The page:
It will contain a shopping list written by Michelangelo in 1518, illustrated for the benefit of his assistant who was unable to read; Anne Frank's handwritten list of pseudonyms for her family, to be used in her diaries to protect them; a list of murder suspects, scribbled by the long-serving secretary to John F. Kennedy mere hours after the president's assassination; an inconceivably short list of words given to Dr Seuss by his publisher, from which he was to write The Cat in the Hat; French novelist George Perec's magnificent "Attempt at an Inventory of the Liquid and the Solid Foodstuffs Ingurgitated by Me in the Course of the Year Nineteen Hundred and Seventy-Four"; Galileo's list of all the pieces of equipment he needed to produce his ground-breaking telescope; and a list of advice written by The Pretenders' singer Chrissie Hynde for the benefit of "chick rockers".

So, why lists? Where does the appeal come from? I made a list.

1. Life is chaotic, often unbearably so. Neat, ordered lists bring relief and hope.
2. Lists can make even the laziest of us more productive.
3. Lists enable us to rate things and make us feel knowledgeable, which we love.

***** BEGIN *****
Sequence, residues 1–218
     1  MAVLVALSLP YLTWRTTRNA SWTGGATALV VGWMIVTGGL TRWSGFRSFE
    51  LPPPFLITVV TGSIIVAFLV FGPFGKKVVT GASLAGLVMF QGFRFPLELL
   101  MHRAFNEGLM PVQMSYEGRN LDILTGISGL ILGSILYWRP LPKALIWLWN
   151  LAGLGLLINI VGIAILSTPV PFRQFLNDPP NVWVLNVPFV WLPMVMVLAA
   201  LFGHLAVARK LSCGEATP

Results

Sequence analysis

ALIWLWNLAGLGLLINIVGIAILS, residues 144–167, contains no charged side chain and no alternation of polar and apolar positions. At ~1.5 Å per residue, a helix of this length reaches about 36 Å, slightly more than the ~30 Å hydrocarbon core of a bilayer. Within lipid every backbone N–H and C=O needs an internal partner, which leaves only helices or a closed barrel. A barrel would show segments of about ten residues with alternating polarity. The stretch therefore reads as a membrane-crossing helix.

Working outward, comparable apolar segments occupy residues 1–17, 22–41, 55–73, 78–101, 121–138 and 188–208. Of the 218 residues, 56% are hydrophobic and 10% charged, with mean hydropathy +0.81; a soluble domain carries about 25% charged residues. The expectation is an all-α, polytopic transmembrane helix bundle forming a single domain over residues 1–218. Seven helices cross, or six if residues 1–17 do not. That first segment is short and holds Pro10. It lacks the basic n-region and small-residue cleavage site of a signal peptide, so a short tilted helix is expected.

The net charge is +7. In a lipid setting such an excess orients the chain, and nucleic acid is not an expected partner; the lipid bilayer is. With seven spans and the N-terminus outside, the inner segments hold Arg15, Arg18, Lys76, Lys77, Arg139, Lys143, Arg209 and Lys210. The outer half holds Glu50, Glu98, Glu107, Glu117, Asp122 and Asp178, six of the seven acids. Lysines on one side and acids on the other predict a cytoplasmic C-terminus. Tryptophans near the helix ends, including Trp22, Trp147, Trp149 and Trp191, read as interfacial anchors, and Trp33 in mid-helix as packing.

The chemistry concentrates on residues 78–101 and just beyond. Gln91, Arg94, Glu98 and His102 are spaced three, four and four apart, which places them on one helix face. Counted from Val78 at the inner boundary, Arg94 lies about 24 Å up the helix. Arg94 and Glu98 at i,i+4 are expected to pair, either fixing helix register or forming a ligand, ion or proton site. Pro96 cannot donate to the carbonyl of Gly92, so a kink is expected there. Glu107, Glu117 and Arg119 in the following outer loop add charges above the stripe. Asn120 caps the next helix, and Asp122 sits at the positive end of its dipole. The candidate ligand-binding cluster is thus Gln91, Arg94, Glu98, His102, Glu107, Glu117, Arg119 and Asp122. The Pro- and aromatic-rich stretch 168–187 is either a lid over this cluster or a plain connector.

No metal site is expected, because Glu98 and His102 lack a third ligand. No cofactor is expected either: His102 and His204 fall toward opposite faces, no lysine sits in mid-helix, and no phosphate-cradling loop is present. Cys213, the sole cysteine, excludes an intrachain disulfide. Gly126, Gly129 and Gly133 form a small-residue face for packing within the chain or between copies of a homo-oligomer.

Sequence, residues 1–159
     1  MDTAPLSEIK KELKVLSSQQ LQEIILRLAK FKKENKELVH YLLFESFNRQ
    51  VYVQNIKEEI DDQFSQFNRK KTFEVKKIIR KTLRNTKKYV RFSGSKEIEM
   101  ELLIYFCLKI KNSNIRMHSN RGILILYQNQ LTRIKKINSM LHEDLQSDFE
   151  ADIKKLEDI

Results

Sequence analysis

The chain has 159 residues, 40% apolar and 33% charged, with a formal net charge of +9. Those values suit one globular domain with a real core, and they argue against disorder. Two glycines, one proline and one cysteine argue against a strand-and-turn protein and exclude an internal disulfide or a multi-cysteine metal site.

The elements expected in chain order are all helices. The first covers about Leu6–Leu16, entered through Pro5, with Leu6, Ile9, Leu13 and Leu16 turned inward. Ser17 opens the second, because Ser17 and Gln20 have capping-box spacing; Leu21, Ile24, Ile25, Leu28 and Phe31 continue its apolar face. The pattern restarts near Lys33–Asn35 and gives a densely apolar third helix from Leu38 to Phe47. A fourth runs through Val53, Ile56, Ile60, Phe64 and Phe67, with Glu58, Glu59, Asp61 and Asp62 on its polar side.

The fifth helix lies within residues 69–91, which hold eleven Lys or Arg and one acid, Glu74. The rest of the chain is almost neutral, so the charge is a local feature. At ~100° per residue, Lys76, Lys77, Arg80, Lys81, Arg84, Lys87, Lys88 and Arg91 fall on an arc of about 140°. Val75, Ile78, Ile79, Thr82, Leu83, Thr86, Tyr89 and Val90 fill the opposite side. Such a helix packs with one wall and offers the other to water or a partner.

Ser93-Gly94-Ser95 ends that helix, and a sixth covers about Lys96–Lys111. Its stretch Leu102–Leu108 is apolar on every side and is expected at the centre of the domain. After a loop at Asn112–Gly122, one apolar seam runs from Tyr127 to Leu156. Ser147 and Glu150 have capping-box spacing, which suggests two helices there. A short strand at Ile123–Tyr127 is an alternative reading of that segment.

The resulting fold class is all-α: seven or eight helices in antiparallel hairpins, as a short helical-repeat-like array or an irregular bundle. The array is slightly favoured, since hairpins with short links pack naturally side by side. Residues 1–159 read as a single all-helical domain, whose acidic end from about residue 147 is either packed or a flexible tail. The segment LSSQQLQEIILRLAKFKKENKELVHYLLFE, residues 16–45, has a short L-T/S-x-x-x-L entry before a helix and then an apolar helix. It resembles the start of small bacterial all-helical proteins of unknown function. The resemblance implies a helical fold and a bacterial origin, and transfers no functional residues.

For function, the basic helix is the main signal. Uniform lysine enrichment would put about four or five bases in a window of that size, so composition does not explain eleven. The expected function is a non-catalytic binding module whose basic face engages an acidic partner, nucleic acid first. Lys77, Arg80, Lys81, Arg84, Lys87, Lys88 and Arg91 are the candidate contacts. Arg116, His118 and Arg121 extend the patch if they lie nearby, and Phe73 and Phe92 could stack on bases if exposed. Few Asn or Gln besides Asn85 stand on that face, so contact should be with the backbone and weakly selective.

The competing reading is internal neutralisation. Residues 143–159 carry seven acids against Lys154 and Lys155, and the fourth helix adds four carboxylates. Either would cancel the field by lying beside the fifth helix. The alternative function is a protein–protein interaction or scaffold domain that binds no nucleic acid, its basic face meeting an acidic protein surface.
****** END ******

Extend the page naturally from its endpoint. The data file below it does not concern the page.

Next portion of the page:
4. Lists are so very easy to digest for the time-starved, eternally busy reader.
5. Humans feel it necessary to categorise all things, for safety reasons.

(These are arranged in no particular order.)

Can a list ever be as moving as a letter? They're completely different but then again they're quite similar. A list can be very telling. They are not for other people's eyes; they're personal. It can also be very interesting to see where people rank things in a list; why they've put certain things at the top. It reveals a lot about people's natures.

I love finding lists of possible names, for instance when someone is thinking up a title for a book that has now become famous; it's interesting to see what things could have been called. I came across a list by Robert May, who wrote Rudolph the Red-Nosed Reindeer many years ago. He hand-wrote a list of potential names for Rudolph, such as Rolo and Rudy. It's funny to imagine how things could have been if these lists hadn't been fleshed out as much as they were.